Sunday, February 24, 2008



U.S. plans to replace 15 percent of gasoline consumption with crop-based fuels including ethanol are already leading to some unintended consequences as food prices and fertilizer costs increase.

About 33 percent of U.S. corn will be used for fuel during the next decade, up from 11 percent in 2002, the Agriculture Department estimates. Corn rose 20 percent to a record on the Chicago Board of Trade since Dec. 19, the day President George W. Bush signed a law requiring a fivefold jump in renewable fuels by 2022.

[..]The energy bill requires the U.S. to use 36 billion gallons of renewable fuels by 2022, of which about 15 billion gallons may come from corn-based ethanol. The nation's current production capacity is about 8.06 billion gallons.

[..]Researchers led by Timothy Searchinger at Princeton University said their study showed greenhouse-gas emissions will rise with ethanol demand. U.S. farmers will use more land for fuel, forcing poorer countries to cut down rainforests and use other undeveloped land for farms, the study said. [link]
Ok ok, so it's called Agflation - the increase in price of food due as a result of agricultural products used for alternative energy resource. No, I'm not trying to blame all this on Al Gore, but as I've said before on this blog, I think the most adverse and immediate effects of climate change will be from bad policy rather than actual climate effects.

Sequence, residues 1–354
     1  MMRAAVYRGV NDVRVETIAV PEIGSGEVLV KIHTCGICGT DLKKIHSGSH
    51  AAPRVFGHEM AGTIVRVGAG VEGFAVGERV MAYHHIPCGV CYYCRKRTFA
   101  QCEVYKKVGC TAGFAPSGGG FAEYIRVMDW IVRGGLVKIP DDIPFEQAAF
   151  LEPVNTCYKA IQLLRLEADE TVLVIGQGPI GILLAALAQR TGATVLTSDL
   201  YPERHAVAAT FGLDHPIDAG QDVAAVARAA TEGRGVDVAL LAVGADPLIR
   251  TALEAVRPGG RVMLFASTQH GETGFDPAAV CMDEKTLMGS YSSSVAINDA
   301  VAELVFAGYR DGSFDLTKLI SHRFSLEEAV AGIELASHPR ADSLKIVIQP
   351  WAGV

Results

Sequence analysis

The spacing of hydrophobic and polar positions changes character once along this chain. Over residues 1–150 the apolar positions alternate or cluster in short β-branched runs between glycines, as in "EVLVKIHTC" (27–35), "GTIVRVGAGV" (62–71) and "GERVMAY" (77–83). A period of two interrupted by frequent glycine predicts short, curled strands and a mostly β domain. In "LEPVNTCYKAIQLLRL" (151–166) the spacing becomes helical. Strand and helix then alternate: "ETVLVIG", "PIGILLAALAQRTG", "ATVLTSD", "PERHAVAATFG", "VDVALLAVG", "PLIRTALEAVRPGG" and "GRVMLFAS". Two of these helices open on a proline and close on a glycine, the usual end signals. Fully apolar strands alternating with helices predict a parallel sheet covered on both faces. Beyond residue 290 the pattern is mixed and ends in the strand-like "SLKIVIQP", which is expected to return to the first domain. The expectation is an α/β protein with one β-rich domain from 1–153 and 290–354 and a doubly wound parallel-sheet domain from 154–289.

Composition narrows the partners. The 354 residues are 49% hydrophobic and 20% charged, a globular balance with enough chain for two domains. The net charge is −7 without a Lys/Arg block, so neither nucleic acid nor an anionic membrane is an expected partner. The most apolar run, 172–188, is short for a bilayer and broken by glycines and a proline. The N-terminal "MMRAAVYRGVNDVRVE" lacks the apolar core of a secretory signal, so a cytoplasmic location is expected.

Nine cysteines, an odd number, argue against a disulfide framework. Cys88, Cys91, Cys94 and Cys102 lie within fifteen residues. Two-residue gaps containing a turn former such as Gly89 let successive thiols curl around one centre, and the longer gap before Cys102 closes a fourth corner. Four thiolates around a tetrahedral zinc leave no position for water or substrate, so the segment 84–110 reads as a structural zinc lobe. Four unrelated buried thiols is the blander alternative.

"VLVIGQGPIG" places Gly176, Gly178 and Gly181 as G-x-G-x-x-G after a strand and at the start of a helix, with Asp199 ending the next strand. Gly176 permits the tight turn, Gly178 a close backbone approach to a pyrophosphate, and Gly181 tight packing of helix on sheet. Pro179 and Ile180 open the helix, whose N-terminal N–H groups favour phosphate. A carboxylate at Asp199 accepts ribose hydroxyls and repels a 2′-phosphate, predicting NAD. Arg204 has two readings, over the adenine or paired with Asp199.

This is what happens when you meddle in the market (subsidies, mandates, etc.), you end up with something that nobody really wants at the tax payer's expense. Ethanol is bad for the planet, bad for the U.S. economy and bad for the rest of us. (Hell, even Krugman agrees)

I'd hold Gore somewhat responsible - after all he won a Nobel Price for talking about climate change - it's him and his alarmist faithfuls who demanded that something is done about climate change immediately, pushing the political climate in that direction. Unfortunately, what's to be done about climate change is not so clear, so you end up meddling in the market and do stuff like this.

Let's get this clear - the market is more likely to create an efficient, viable alternative energy source than any government bureaucrat. What's required is some trust in human ingenuity and markets, without jumping the gun and doing something stupid with unintended consequences.

No comments: